Note: A fund has been set up to support Deborah Cotton while she recovers from her injuries suffered in the Mother's Day shooting. You can learn more about the fund and donate here.
“It is my belief that you don’t choose New Orleans — New Orleans chooses you. Those who have fallen for her, live with her, are sprung, lost and turned out in love with her, know exactly what I mean. Ain’t no amount of wind, water, gunfire, potholes, ‘ignant’ politics or doomsday predictions can pry your death grip from her. Come hell or high water, you stay — or return.
“She makes you high from laughing too much and too long. She breaks your heart till you’re crying on the kitchen floor. She haunts you, melts you and is just a damn joy to live in.
“I think she’s a cult.”
— From the introduction of Notes From New Orleans (2007), by Deborah Cotton
Deborah Cotton, a tireless chronicler of the New Orleans brass band and second-line community and a Gambit contributor, was among the 19 people shot when a gunman opened fire on revelers at the Original Big 7 Social Aid & Pleasure Club’s annual Mother’s Day second line. She continues to recover at Interim LSU Public Hospital.
Cotton, 48, was raised in Texas and Oklahoma. She majored in African-American studies at San Francisco State University before moving to Los Angeles. After 15 years of visiting New Orleans, she moved to the city in 2005 shortly before Hurricane Katrina and the federal levee failures.
After an evacuation to Houston by cab (“Taking a cab from New Orleans to Houston is certainly an original, if not inexpensive way to escape Armageddon,” she wrote breezily), Cotton returned to her adopted city with a mission to chronicle some of New Orleans’ most important but underreported traditions: second lines, brass bands, social aid and pleasure clubs, Mardi Gras Indians and the rich culture of her new neighborhood, Treme. Cotton blogged, photographed and filmed the events, eventually publishing a 2007 book titled Notes From New Orleans. Its subtitle — “Spicy, colorful tales of politics, people, food, drink, men, music and life in post-breaches New Orleans” — summed it up.
VIDEOROVER: Season 5 is the latest program of experimental videos from New York-based non-profit organization NURTUREart. It will screen tonight, May 18, at 7 p.m. at Press Street's Antenna Galley, 3718 St. Claude Avenue. The program is described as "a selection of videos focusing on the mystification or de-mystification of a single character or group. They serve as quasi-fictional documentaries, leaving the viewer to decide the level of truth." Seating for the event is limited. A reception with curator Rachel Steinberg will follow the event. More info here.
The alienated teenage protagonist of award-winning French Canadian film I Killed My Mother doesn’t actually do the evil deed of the title — it’s not that kind of movie — but you might not entirely blame him if he did. Hubert (Xavier Dolan) and his annoying mom Chantale (Anne Dorval) fight like star-crossed lovers, but their vivid love-hate relationship feels all too familiar to the many of us who barely survived adolescence. Complicating matters is Hubert’s status as a gay teen, which is only an issue because he hasn’t managed to communicate this simple fact to his mother despite all their endless chatter. Both writer-director and star of his own debut as a filmmaker, then-19-year-old Dolan (the film was made in 2009 but held from widespread distribution by a protracted legal battle) has called the film autobiographical, and it has the low budget, handmade feel to match that pedigree. The pace is little slower than it should be, but Dolan’s movie manages to walk a fine line between Woody Allen-style black comedy and more conventional coming-of-age domestic drama.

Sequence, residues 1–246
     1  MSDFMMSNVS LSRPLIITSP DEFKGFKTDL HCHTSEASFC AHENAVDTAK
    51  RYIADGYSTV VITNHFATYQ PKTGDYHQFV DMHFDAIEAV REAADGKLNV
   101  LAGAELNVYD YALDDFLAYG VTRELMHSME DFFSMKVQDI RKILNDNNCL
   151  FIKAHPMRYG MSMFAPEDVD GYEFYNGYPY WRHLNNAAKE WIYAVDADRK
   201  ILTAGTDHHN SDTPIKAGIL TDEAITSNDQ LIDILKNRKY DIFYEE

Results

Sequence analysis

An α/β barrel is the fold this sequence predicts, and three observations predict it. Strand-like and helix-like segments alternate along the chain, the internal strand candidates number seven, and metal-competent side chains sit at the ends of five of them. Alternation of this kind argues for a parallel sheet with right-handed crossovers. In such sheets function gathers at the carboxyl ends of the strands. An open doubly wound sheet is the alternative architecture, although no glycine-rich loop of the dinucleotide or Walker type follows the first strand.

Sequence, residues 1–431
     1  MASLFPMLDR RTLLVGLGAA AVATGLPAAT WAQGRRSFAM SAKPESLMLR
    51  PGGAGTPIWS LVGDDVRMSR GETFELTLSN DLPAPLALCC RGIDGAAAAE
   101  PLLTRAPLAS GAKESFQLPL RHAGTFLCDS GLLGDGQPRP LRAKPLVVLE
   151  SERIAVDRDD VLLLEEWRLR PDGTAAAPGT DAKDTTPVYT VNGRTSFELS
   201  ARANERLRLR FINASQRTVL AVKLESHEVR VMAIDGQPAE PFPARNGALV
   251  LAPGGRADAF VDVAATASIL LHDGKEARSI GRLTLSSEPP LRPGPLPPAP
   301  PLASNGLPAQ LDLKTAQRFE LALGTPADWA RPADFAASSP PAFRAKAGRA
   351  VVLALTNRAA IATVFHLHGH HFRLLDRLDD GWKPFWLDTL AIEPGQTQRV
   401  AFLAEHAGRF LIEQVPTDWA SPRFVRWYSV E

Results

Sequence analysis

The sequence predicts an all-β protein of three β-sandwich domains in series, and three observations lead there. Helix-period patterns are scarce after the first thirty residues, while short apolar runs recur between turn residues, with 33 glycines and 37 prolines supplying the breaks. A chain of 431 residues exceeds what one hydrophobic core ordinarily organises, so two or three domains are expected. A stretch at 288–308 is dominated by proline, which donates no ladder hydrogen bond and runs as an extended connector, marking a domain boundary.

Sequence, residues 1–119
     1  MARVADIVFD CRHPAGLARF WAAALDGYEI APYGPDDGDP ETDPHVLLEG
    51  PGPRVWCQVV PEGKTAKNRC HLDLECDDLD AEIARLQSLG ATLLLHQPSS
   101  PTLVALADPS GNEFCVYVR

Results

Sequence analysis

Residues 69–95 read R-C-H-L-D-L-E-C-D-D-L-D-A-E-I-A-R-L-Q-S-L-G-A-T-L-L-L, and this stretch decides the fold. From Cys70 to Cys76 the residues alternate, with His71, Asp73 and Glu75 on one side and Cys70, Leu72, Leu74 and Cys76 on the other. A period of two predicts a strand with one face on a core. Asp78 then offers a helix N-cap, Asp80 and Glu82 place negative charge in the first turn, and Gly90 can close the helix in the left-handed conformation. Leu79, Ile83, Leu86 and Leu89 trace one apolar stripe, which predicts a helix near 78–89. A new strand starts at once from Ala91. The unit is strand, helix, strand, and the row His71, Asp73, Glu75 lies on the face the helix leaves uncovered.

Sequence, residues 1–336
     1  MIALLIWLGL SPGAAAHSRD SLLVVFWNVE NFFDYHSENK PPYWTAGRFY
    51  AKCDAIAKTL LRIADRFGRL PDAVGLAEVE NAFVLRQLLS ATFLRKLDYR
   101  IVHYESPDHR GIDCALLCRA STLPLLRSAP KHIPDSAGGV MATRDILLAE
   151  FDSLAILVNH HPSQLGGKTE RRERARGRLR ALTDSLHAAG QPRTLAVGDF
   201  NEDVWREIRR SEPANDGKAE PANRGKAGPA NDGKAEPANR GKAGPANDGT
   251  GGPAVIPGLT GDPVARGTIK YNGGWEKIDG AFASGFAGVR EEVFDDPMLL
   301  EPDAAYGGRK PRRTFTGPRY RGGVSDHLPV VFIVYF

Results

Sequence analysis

I Killed My Mother starts Tuesday, May 21, exclusively at Zeitgeist Movies.
It’s not easy to make a film about events surrounding World War II that’s essentially different from all those that have come before. Since the mid-1940s an average of at least 20 major World War II films have been produced internationally each year, a pace that has remained surprisingly steady even after the internet made it much easier to keep tabs on such things. Labeled “a German-Australian official co-production,” Lore is a World War II movie unlike all the others. It turns the tables on cinematic convention by telling the story of a group of German children — the offspring of defiant, swastika-wearing Nazi’s — as they try to survive the weeks immediately following the end of the war and make their way on foot across Germany to the relative safety of their grandmother’s house. This is a morally ambiguous path for a film to tread, and one that connects easily with a 21st-century world in which people of all nationalities cling to their own righteous version of the truth.
Led by the eldest sibling — the 14-year-old, blonde-and-blue-eyed Lore — the kids face unimaginable horrors on their voyage through a seemingly post-apocalyptic landscape. Lore holds on to her ingrained hatred of Jews even when surrounded by the murder, sexual assault, squalor, and starvation that were caused by it. But you can’t help being sympathetic to all the kids’ plight, especially given the innocence of the younger siblings. Australian co-writer and director Cate Shortland shot her film largely in extreme close-up, reveling in visual detail to enhance the intimacy of the story. She uses a German-language version of her script for its inherent authenticity. Surprisingly, these choices never seem arty or gimmicky. Lore may wind up in a different place than she started, but there’s no escaping the identity thrust upon her by her heritage.
Lore starts today, Friday, May 17, exclusively at Chalmette Movies.
New Orleans Police Department officers arrested another suspect related to the Mother's Day second line shootings. This afternoon, Monique Pepe, 19, was charged with being an accessory to attempted second degree murder for allegedly hiding 24-year-old Shawn Scott, who was arrested along with his 19-year-old brother Akein Scott. Authorities identified the brothers as the shooters.
Pepe also was charged with possession of drug paraphernalia, possession of heroin, and possession of cocaine with intent to distribute, according to the Orleans Parish Sheriff's Office.
Pepe's arrest brings the number of arrests to seven in connection to the shootings. Yesterday morning, authorities also arrested Justin Alexander, 19, Brandy George, 28, Bionca Hickerson, 22, and Nekia Youngblood, 32, who allegedly helped hide Akein Scott. They all were charged with accessory after the fact to attempted second degree murder and obstruction of justice for harboring a fugitive.